Amin Bhatia recounts a day in his life as an "electronic composer" for animated TV shows, explaining his tools and techniques.
Daniel Goldmark shows how Carl Stalling, who may have been the most skilled and clever composer of cartoon music Hollywood ever had, used music to create gags and help tell a story at the same time.
The father of Thai animation, Payut Ngaokrachang, tells John A. Lent how he got his start through a set of fortuitous circumstances.
Ann C. Phillipon talks with "quintessential independent American animator, George Griffin" about his life and art.
New York producer Michael Sporn's commitment to making films about human issues has lately led him to animated documentaries for which the children's market has been most receptive. Janet Benn reports.
Wendy Jackson details the career of Yvonne Andersen, founder of the Yellow Ball Workshop, and pioneer of teaching animation to children.
John Serpentelli relates his experiences teaching the folk art of animation to children in Philadelphia.
John A. Lent interviews one of the pioneers of Korean animation, who had a profound effect on the course of the nation's indigenous production
Animator Alfred Eugster, whose career started in the silent era and ended doing animation for TV, passed away the night of January 1, 1997 at the age of 87. The following memoir and biofilmography was prepared by his friend and sometime colleague, Mark Mayerson.Left to right: Otto Englander, Shamus Culhane, and Al Eugster at Disney in 1935. From Shamus Culhane's Talking Animals and Other People (St. Martin's Press, 1986). Collection of Bernie Wolf.I first met Al in 1975 when I was researching an article on cartoons released by MGM when he let me interview him about the Iwerks studio.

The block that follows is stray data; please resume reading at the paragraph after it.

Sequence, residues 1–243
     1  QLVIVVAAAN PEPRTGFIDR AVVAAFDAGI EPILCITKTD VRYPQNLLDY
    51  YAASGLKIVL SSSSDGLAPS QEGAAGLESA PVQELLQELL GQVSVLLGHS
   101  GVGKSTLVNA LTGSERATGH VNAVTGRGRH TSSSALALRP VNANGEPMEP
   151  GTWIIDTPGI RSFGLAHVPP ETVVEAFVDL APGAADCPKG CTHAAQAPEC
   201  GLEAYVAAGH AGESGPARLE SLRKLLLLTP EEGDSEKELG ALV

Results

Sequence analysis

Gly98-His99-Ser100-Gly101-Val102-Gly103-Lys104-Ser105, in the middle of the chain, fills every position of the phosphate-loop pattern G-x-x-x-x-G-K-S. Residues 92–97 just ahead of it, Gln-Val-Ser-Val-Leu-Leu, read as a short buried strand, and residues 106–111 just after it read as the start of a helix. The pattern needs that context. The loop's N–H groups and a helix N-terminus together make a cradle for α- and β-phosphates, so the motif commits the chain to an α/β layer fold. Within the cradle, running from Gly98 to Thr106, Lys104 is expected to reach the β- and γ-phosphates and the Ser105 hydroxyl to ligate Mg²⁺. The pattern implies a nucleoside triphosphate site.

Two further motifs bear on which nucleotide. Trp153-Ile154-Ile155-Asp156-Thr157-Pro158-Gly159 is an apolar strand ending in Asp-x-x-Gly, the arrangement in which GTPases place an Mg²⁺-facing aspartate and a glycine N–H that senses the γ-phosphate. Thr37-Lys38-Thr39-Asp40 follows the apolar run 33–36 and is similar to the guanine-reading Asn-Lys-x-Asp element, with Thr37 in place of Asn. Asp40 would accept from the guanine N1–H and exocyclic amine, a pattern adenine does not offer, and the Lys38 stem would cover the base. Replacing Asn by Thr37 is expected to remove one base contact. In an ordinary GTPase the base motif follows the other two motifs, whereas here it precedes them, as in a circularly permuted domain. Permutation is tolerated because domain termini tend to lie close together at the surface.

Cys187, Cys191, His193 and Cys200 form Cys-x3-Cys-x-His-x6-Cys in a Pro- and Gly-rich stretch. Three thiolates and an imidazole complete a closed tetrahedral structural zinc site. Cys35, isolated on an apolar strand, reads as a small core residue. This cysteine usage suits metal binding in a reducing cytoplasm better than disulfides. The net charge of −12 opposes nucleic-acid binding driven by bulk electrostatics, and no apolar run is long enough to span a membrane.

Dutch filmmaker Piet Kroon contributes the first in an occasional series devoted to a day in the life of an animation artist. Herein, Kroon explores the whys and wherefors of how he balances working as an independent filmmaker while holding down a full-time job at Warner Bros.
Front half of cover illustration by Jacques Drouin from the Tribute to Louise Beaudet issue of the ASIFA-Canada magazine (September 1996).On January 3, Louise Beaudet, perhaps the most famous and respected animation archivist in the world died of lung cancer. In her role as curator of Montrl's Cinathue Quecoise, she more than helped fulfill that organization's special interest in animation. Herein are a few thoughts by some of the people who knew and/or worked with her. But first, to provide some general background, we start off with the two part press...
Will Ryan asks Mike Kazaleh slightly fewer than ten questions regarding getting started in Detroit, comic books and the benefits of working for hire...
Jerry Hibbert, drawing from his own experience, provides some thoughts on the need for production companies to embrace change.
Maureen Furniss recounts her experiences as a member of the Ottawa 96 selection committee, providing some friendly advice from her and her fellow jurors.
Wherein the Museum of Modern Art's Adrienne Mancia reminisces to Mark Langer about her past efforts in animation programming and her thoughts about the state of the craft today.
Many time festival programmer and juror Otto Adler provides his viewpoint on the ins and outs of selecting and programming films.
Janet Benn provides a case study of the role played by Animation Director Yvette Kaplan on Beavis and Butt-head Do America, while saying more than a little about who Yvette is.